4. The computer network of
5. The computer network of
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8. The computer network of
9. The computer network of
10. A computer network including a server processor configured to handle real time processing of transaction requests from a plurality of client processors on a large scale basis, a substantial number of said client processors being geographically diverse from said server processor and each other, said client processors being configured to locally process and provide point of sale services for fulfillment of said transactions, said server processor including a proprietary program configured to process and accumulate data identifying and correlated to each of said transactions for the business processing of said transaction, a WAN interconnecting said plurality of client processors with said server processor, and said server being configured to provide a secure web based browser interface between each of said client processors and said server processor.
11. The computer network of
12. The computer network of
13. The computer network of
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15. The computer network of
16. An internet enabled automatic rental vehicle transaction system, said system having an internet web portal through which an authorized purchaser of rental vehicle services may access over the internet a rental vehicle software program resident on a computer system, said rental vehicle software program being configured to automatically respond to a series of commands from said authorized purchaser and communicate a rental vehicle reservation to a second computer system, said second computer system having a second computer software program resident thereon, said second computer software program being configured to process rental vehicle transactions and communicate over the internet with a plurality of geographically diverse branch facilities each of which has a plurality of vehicles for rental, said second computer system being linked to said first computer system.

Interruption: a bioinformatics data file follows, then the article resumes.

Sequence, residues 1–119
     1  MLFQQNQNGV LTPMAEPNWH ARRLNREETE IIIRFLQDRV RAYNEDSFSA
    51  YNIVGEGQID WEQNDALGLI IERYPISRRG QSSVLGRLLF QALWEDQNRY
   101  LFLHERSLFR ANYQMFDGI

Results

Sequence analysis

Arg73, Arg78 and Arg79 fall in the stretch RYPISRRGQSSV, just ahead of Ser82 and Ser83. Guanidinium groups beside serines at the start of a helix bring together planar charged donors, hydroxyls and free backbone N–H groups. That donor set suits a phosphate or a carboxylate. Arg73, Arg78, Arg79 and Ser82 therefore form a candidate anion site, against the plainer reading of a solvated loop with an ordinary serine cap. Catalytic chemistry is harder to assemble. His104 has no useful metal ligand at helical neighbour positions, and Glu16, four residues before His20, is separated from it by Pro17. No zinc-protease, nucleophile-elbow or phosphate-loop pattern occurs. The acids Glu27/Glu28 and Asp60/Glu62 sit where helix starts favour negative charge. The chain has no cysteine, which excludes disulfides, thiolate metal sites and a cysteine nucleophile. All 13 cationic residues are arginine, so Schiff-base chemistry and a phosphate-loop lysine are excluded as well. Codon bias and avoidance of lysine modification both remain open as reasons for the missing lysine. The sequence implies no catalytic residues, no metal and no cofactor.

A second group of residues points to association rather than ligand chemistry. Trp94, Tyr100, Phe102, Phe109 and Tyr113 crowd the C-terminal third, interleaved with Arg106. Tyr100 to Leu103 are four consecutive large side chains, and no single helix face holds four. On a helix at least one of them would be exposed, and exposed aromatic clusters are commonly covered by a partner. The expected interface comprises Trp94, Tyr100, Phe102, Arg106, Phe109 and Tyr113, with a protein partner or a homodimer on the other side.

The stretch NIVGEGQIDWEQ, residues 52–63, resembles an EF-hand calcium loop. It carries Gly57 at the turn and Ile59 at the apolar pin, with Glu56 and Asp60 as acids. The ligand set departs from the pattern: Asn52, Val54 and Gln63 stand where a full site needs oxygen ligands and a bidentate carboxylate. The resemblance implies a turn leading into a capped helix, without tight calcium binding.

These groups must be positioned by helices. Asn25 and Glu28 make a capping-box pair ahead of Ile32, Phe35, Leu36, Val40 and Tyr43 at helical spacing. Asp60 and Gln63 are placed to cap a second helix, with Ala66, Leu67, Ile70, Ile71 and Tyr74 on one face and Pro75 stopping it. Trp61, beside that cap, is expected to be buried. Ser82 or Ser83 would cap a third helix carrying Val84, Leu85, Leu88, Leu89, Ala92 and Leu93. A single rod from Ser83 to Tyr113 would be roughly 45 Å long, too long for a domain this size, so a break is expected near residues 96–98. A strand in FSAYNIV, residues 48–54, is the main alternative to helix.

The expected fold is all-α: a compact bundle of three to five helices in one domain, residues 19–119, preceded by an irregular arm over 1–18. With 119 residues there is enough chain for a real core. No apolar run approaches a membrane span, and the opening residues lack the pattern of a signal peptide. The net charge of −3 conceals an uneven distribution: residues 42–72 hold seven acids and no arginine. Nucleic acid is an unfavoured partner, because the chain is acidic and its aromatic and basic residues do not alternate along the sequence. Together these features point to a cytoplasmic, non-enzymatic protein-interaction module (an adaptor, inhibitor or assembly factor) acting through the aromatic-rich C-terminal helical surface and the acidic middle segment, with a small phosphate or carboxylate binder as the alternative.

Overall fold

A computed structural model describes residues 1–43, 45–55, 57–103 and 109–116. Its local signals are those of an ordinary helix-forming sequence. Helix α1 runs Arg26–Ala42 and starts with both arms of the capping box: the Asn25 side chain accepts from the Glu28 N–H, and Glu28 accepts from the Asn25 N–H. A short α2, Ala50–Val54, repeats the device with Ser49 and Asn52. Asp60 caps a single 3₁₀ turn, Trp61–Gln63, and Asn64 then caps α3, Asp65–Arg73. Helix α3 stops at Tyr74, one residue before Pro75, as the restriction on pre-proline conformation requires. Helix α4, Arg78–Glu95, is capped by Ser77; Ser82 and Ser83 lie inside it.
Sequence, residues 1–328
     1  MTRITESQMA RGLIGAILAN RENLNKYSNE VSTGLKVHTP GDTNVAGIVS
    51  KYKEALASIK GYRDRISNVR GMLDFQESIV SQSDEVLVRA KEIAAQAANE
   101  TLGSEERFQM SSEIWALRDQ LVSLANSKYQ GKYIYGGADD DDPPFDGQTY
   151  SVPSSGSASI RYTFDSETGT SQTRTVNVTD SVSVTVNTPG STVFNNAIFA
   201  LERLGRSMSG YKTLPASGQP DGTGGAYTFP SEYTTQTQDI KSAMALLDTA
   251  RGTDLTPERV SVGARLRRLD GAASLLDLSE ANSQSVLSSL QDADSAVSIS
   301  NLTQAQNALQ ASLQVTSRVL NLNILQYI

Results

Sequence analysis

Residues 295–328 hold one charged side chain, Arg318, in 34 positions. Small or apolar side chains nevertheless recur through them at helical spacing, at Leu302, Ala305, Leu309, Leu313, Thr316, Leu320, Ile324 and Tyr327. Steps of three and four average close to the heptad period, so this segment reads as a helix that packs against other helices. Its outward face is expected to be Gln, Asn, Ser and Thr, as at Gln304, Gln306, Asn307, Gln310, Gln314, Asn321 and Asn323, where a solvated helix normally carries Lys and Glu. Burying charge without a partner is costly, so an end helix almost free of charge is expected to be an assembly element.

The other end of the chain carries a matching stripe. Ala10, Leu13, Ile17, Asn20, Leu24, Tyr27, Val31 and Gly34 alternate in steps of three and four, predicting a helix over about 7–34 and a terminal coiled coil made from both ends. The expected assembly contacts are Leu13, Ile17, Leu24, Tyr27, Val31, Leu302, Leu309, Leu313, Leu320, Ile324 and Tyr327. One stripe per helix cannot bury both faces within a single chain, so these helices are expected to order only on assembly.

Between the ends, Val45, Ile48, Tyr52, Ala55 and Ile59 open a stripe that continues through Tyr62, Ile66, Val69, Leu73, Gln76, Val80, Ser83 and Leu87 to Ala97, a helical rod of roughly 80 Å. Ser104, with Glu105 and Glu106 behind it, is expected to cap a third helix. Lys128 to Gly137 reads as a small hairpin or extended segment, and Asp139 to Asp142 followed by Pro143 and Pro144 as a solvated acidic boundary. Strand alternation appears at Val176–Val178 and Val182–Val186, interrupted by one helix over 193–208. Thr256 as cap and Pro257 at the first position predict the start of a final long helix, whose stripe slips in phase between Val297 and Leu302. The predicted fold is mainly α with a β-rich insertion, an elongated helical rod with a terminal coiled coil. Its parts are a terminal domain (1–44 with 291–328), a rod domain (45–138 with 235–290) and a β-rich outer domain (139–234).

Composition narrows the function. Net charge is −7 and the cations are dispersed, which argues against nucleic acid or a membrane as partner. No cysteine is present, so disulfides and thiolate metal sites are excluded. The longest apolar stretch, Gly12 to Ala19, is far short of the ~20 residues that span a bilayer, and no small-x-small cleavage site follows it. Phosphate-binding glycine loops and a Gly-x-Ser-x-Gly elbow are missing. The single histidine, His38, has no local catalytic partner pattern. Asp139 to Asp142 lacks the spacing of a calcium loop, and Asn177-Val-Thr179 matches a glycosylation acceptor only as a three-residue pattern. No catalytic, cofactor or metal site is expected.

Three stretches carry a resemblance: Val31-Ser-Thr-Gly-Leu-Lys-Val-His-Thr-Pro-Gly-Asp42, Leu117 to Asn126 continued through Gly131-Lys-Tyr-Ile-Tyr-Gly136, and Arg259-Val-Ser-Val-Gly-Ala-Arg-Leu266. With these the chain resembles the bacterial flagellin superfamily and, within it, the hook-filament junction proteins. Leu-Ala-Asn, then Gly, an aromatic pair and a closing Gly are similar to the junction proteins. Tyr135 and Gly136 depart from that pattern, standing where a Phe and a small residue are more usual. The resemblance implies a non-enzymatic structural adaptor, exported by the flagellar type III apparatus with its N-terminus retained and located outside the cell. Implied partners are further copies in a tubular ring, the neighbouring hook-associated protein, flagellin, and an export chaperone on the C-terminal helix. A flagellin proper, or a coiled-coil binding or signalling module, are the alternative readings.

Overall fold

17. The rental vehicle transaction system of
18. The rental vehicle transaction system of
19. The rental vehicle transaction system of
20. An automatic rental vehicle transaction system, said system having a graphical user interface (GUI) through which an authorized purchaser of rental vehicle services may access a rental vehicle software program resident on a computer system, said rental vehicle software program being configured to automatically respond to a series of commands from said authorized purchaser and communicate a rental vehicle reservation to a second computer system, said second computer system comprising a main frame computer and a plurality of client computers located at specific geographically remote rental vehicle locations at which vehicles for rent are situated, said second computer system having a GUI through which said client computers communicate with the main frame, said rental vehicle reservation having sufficient information for authorizing, processing and billing said rental vehicle transaction so that a rental vehicle transaction may be automatically processed thereby virtually without human intervention.